After years of butting heads with agency superiors at Ted Bates & Co. and other shops, Mr. Della Femina and three associates opened their own New York agency, Della Femina, Travisano & Partners, in 1967. By the 1970s, it had become one of the industry's biggest revenue makers by stressing creativity.
In 1970, Mr. Della Femina wrote the book "From Those Wonderful Folks Who Gave You Pearl Harbor: Frontline Dispatches From the Advertising War," taking the title from a slogan he proposed in jest for Panasonic. Through his own flair for publicity, he soon turned this insider's look at advertising into a best seller.
Throughout the 1970s, Mr. Della Femina was at the forefront of a movement to transform advertising from an industry favoring reverence and hierarchy to one promoting humor and casual openness, just as U.S. society was changing in much the same way. This meant breaking some rules and creating controversy.
In 1986, a Della Femina campaign for Ansell-America's LifeStyles condoms was rejected by The New York Times, Time and three TV networks. The campaign highlighted safety but did not ignore sex; it featured a young woman saying, "I'll do a lot for love, but I'm not ready to die for it." Mr. Della Femina took to the airwaves, describing the campaign as a public service in the fight against AIDS, and soon the ads were being aired. But when Ansell President John Silverman was quoted in Time as calling the AIDS epidemic a "condom marketer's dream," Mr. Della Femina quit the account.
He created another controversy the same year by being the first to use the word "fuck" in advertising, in a print campaign for Perry Ellis cologne. A bit tamer was the agency's "Liar" campaign, featuring the Joe Isuzu character for American Isuzu Motor Co., which played off the notion that car salespeople are prone to exaggeration. The agency also did notable creative work for Ralston Purina Co.'s Meow Mix cat food, Beck's beer, Schieffelin & Co.'s Blue Nun wine and Pan American World Airways.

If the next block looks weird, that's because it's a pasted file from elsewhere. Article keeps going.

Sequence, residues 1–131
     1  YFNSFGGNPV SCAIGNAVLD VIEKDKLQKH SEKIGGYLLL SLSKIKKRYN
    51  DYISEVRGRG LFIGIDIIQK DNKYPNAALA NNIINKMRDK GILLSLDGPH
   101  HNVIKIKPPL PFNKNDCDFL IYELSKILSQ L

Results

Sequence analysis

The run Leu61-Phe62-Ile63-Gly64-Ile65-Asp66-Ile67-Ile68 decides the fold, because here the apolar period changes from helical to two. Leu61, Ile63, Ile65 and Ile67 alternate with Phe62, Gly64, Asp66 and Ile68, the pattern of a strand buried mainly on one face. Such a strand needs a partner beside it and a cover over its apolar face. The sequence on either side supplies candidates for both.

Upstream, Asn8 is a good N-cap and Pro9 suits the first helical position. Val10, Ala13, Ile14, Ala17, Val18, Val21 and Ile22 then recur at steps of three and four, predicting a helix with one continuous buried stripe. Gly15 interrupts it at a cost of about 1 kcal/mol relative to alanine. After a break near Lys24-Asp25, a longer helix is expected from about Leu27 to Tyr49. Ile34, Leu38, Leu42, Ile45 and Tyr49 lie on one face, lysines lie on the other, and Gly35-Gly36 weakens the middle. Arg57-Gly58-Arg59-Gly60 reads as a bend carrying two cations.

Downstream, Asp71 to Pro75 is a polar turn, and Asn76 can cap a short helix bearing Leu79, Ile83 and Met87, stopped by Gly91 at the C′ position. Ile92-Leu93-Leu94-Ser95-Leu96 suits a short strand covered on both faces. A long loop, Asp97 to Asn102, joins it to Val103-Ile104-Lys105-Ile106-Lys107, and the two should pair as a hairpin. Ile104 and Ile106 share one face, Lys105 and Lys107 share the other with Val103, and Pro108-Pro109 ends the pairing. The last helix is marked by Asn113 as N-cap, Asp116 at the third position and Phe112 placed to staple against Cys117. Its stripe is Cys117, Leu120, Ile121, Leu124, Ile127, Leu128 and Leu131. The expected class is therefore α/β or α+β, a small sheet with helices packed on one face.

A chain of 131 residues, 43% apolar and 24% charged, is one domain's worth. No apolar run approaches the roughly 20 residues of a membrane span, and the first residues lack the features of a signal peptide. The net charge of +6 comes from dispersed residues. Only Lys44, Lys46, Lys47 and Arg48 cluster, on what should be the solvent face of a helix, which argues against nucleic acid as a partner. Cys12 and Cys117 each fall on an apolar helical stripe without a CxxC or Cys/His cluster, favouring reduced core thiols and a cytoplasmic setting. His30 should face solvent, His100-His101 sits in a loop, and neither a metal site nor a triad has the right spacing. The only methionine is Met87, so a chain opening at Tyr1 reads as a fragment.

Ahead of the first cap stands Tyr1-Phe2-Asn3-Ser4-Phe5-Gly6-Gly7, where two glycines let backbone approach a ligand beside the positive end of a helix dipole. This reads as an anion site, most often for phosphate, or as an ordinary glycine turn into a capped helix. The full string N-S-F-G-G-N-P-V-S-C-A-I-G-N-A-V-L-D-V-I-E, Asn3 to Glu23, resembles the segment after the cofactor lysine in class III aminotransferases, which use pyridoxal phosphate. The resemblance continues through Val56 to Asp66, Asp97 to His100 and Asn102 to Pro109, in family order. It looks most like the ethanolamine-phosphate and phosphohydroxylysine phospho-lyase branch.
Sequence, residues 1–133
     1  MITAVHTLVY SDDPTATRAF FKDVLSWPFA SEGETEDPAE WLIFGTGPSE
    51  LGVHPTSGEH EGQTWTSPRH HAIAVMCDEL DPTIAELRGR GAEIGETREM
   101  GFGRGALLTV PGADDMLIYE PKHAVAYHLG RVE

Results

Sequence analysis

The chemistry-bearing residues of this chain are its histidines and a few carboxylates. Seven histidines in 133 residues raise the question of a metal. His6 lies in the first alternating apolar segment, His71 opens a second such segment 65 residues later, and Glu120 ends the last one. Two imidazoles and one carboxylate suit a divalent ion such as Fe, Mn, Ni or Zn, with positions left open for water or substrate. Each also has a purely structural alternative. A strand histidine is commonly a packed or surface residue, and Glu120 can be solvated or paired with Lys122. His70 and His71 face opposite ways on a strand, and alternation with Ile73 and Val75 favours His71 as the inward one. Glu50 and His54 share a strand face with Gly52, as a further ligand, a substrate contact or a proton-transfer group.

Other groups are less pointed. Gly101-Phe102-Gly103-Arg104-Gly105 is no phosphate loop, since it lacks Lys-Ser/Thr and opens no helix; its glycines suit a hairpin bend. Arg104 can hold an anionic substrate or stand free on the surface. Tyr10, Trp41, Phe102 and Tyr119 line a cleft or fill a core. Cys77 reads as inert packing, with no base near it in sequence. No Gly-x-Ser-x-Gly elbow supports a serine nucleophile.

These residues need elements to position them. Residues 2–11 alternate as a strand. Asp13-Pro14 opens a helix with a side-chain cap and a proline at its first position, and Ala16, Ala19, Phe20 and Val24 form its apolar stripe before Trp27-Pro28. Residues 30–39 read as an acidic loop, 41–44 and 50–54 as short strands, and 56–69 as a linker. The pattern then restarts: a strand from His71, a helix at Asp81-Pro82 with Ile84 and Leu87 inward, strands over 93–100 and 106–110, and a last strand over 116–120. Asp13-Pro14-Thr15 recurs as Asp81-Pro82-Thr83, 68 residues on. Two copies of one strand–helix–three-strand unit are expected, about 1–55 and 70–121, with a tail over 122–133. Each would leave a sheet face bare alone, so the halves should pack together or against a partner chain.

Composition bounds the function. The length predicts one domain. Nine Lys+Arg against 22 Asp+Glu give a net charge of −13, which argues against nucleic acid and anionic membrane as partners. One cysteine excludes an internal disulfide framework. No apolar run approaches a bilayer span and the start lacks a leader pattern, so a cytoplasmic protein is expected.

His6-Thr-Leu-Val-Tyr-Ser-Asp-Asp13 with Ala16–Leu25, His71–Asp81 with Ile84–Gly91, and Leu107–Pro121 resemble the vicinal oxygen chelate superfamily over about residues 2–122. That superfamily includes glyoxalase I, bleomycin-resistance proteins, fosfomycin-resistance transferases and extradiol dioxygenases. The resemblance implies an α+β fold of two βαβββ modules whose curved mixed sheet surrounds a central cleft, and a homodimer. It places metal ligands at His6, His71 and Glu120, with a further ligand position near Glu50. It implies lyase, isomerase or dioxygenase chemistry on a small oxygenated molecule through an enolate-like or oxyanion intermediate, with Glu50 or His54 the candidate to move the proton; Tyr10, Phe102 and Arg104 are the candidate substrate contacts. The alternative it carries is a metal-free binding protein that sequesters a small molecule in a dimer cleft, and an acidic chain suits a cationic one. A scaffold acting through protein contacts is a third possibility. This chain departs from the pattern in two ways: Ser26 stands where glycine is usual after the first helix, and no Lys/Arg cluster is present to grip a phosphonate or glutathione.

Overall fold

In 1986, the agency, then billing nearly $200 million, was acquired for $29 million by London-based Wight Collins Rutherford & Scott; Mr. Della Femina received $23 million. He continued as chairman-CEO of the agency (renamed Della Femina, McNamee in 1988) and was offered $15 million in incentives over the next five years.
In June 1992, the holding company bought out his contract for $3 million, and he agreed not to use his last name on another ad agency nameplate; by that December, however, he had opened a new agency, Jerry Inc., promising to put the fun back in the business.
In May 1994, Jerry Inc. merged with the New York office of Ketchum Advertising, forming Jerry & Ketchum. In 1998, the agency name changed to Della Femina/Jeary & Partners, with Mr. Della Femina as chairman-CEO. In June 2000, Della Femina/Jeary & Partners merged with Grace & Rothschild to form Della Femina, Rothschild, Jeary & Partners.
In 2003, the agency, 49% owned by Omnicom, had U.S. revenue of $15.2 million, up 3.2% over 2002.
In 1999, Advertising Age recognized Mr. Della Femina as one of the top 100 advertising people of the 20th century for his determination, sense of humor, dedication and love of advertising.
Born in Brooklyn, July 22, 1936; joined Daniel & Charles Agency, New York, as a copywriter, 1961; founded Della Femina, Travisano & Partners, New York, 1967; wrote "From Those Wonderful Folks Who Gave You Pearl Harbor, "1970; sold his agency to London-based Wight Collins Rutherford & Scott for $29 million, 1986; opened new agency, Jerry Inc., 1992; merged with the New York office of Ketchum Advertising, 1994; changed agency name to Della Femina/Jeary & Partners, 1998; merged with Grace & Rothschild to form Della Femina, Rothschild, Jeary & Partners, New York, 2000.